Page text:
Certainly the most rock of our influences mixtapes to date, Belfast’s Saint Sapphire are fond of a dirty rock sound underneath Samuel Morgan’s often snarled vocal delivery. Their propensity of riffs and punk demeanour is again realised on newly released ‘Pretty Little Animals’. Fresh from shows in London and Belfast last week, there’s no doubt a lot more to come from the four piece this year.
Here their band give us an insight into their formative influences, with only a couple of questionable picks…
The Beach Boys – God Only Knows
It’s one of those songs that I don’t remember hearing for the first time, it’s just always been there. I think it’s a rare example of a song being a wonderful song but also being a really interesting piece of music that would stand its own against the likes of Gershwin, Bernstein etc, but without being too self indulgent. Expanding the boundaries of the four chord song is something that’s always fascinated me, but i’m aware of the fact that i’m only 19 and fairly musically inexperienced so i want to perfect the art of the four chord hit before experimenting more, because far too many people try to be artistic but they don’t have the understanding of the basic four chord song, and it’s like having icing without a cake, and they end up just coming out with self indulgent, distasteful rubbish, and this Beach Boys song is anything but that, it’s a personal benchmark for my songwriting, I’m fully aware that i’ll never write anything as good, but it’s nice to aim high. God only knows what I’d be without Brian Wilson.
The Who – Behind Blue Eyes
This song was the first song I sang as a solo in a school concert way back when I was doing my GCSEs as we were doing a medley of The Who’s music and the raw emotion is something that’s always stuck with me, it sounds far more delicate than the other songs Pete Townshend would write but at the same time, it’s very highly charged and almost quite angry sounding, you really have to dig down and spit out those words to get the song across, and I love being able to feel and express emotions through songs and Pete Townshend’s aggressive acoustic guitar, his equally aggressive lyrics mixed with Roger Daltrey’s raw performance has just always stuck with me, and is more of a performance benchmark singing-wise as opposed to a songwriting benchmark, but that being said I’d be well chuffed if I wrote a song half as good as that.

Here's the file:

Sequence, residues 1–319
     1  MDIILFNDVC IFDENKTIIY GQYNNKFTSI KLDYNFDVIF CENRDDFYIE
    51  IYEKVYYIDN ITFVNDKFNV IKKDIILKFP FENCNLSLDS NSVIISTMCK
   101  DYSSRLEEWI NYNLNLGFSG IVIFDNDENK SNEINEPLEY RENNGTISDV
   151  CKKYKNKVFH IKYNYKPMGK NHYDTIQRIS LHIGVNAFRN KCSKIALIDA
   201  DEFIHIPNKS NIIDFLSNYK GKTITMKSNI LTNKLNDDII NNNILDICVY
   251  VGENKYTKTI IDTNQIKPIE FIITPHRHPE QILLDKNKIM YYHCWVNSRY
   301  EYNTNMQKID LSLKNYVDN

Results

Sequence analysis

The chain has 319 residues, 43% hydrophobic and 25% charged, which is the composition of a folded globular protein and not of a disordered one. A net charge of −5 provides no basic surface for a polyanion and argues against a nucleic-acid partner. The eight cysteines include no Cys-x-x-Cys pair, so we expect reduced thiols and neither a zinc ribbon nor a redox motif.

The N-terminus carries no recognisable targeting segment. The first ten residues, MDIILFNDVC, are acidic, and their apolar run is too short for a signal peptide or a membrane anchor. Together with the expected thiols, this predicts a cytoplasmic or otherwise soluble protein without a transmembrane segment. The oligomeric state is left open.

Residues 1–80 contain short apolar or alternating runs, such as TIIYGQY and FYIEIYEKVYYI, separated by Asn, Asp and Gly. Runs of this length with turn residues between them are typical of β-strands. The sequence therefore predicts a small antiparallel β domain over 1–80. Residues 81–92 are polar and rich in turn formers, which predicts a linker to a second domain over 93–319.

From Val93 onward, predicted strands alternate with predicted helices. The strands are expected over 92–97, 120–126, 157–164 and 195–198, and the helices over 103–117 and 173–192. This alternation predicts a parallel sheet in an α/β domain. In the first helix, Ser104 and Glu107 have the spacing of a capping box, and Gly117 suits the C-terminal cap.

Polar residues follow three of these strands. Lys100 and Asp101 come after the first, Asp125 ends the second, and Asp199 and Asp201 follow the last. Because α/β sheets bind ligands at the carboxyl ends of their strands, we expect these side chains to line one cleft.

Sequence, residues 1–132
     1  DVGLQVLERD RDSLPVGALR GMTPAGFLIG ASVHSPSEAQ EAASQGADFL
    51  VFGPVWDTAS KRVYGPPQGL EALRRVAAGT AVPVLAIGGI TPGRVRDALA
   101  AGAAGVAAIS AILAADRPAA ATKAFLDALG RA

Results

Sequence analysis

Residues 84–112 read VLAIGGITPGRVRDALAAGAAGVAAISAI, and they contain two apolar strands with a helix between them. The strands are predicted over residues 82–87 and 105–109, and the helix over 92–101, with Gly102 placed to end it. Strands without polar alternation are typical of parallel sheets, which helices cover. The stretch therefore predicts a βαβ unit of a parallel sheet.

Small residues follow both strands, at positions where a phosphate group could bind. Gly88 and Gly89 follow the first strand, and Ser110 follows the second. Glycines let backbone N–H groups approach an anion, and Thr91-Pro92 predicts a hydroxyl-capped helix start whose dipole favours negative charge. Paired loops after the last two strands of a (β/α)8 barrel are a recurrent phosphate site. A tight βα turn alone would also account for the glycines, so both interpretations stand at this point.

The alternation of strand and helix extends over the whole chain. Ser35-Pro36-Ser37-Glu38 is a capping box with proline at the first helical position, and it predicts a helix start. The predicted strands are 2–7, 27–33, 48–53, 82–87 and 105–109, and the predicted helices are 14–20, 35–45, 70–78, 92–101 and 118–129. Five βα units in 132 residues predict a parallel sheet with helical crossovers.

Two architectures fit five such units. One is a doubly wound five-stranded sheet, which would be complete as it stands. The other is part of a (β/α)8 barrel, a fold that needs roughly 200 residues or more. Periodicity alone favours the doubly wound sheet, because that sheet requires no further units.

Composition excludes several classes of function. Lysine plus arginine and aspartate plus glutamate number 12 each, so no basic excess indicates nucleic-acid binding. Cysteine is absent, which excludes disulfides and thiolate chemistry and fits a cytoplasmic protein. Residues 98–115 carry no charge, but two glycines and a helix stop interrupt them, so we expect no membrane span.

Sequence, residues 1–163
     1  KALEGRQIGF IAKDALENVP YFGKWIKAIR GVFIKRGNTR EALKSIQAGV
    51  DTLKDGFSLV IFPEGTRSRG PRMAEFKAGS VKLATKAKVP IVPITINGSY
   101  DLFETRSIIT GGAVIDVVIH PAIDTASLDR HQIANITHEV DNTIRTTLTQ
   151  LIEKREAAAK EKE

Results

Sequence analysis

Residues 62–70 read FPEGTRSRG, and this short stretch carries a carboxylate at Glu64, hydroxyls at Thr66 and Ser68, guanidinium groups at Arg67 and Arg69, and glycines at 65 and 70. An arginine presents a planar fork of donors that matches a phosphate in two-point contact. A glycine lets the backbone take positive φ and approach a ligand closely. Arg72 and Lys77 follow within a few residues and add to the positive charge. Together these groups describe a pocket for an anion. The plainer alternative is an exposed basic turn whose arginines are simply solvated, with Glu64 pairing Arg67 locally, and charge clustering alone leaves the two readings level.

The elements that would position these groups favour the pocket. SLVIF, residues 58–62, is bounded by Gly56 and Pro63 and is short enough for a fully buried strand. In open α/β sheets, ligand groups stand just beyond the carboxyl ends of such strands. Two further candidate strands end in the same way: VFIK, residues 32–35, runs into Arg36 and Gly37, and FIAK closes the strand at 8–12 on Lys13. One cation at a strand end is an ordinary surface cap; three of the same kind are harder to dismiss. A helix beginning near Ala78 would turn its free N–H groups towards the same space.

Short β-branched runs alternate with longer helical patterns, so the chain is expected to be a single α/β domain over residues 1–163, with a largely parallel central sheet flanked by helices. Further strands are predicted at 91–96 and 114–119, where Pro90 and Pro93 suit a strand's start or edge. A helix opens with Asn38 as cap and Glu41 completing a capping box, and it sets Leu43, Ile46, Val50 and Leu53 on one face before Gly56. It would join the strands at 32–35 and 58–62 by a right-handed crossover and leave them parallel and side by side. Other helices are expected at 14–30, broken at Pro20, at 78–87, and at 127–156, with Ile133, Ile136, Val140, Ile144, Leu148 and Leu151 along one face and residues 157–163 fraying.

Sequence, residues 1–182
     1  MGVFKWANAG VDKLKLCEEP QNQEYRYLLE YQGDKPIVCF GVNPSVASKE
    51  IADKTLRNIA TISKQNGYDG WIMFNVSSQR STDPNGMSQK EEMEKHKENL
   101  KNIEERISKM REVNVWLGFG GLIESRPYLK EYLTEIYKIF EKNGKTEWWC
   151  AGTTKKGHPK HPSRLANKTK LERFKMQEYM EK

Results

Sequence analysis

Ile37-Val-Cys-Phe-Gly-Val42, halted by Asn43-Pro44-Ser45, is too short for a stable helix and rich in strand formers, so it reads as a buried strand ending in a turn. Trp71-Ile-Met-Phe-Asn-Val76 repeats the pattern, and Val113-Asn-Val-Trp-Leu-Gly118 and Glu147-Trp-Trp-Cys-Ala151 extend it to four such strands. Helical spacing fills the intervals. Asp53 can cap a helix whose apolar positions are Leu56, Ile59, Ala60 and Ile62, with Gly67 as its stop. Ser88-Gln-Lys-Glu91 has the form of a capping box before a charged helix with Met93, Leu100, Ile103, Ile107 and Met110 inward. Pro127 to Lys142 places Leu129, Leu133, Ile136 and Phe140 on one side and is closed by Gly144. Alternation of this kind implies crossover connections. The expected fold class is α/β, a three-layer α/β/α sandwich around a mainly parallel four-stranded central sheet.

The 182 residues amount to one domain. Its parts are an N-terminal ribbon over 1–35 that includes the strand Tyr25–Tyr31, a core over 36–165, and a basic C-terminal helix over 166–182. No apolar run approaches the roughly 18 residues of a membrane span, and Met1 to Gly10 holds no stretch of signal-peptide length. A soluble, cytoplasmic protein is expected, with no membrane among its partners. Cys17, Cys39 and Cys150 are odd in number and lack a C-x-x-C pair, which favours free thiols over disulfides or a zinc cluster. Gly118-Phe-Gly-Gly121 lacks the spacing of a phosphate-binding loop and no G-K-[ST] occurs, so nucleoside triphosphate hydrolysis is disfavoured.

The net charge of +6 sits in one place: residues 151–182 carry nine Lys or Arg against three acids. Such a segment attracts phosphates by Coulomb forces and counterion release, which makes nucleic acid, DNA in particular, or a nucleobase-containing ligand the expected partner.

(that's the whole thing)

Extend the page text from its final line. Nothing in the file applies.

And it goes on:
Black Sabbath – Warning
This is one of those rare, special occasions where a song not only tells a story, but each time you listen to it the beautiful song can take you on a completely different trip each time. It can all depend on your mood, your thoughts or even just listening to the individual instruments. It’s easily overlooked because it’s on arguably one of the most influential albums in history, yet still stands out. It sounds so natural in-between Bill Ward’s iconic, bluesy drums, Geezer’s ripping, melodic yet hectic bass, Ozzy’s coarse yet unstable vocals and Tony’s legendary guitar style. The whole album was recorded in less than a day, and I think this song is the definition of masterful improvisation and sound.
Tom Waits – The Piano Has Been Drinking (Not Me)
In between his perfectly unique voice which cannot be replicated, and his organised yet messy piano lies lyrics which at first thought may seem they were written down in a cocaine filled night with a notepad, paper, whiskey and Marlboro but they’re a perfect example of hiding his thoughts in a song. The way he often growls about the corruption in the world whether it be religion or politics is in the backseat with this song, where for once he talks about his own life in riddles. The instrumentation, the vocals all fits together so intricately in a way that is easily overlooked.
AJJ – Bad Bad Things
How Sean Bonnette of Andrew Jackson Jihad strums like that with only his fingers without slicing them open on the strings will always remain a mystery to me, and it definitely influenced my playing in a big way. This (and many other AJJ songs) inspired me to try faster and more complex strumming patterns which massively improved my playing and added flavour to the stuff I wrote, and still does.
Neutral Milk Hotel – Two Headed Boy
In the Aeroplane Over The Sea is one of my favourite albums of all time and Two Headed Boy inspired my instagram username. P.s. follow me @twoheadedboy__.
AC/DC – Whole Lotta Rosie
AC/DC were one of the first bands I ever listened to and they were one of the first bands that made me realise I wanted to play music. The first time I listened to Whole Lotta Rosie I was seven years old and the experience will always resonate with me. Angus Young’s blistering solo in the live version of the song is main influence in my playing. It’s the tasty blues riffs over the pounding rhythm drums and bass. It’s hard to single out a single song but this one will always stand out as my favourite.
Status Quo – Big Fat Mama
Again, Status Quo were one of the very first bands I listened to and it’s the four chord twelve bar blues shuffle that had me hooked. Big Fat Mama is one of the band’s heavier songs and probably one of the most complex with the breakdown in the middle that ties into the solo. Rick Parfitt and Francis Rossi are two players I look up to for influence in my rhythm and lead playing, and it definitely shows in how I play with the band.
Tenacious D – Fuck Her Gently
All men, take note, it’s not all about being aggressive and masculine, sometimes there’s gotta be a bit of delicacy and sensitivity.
Pink Floyd – Several Species Of Small Furry Animals Gathered Together In A Cave And Grooving With A Pict
This is the greatest song of all time and if you disagree, you’re a pillock and you’re wrong. Peace x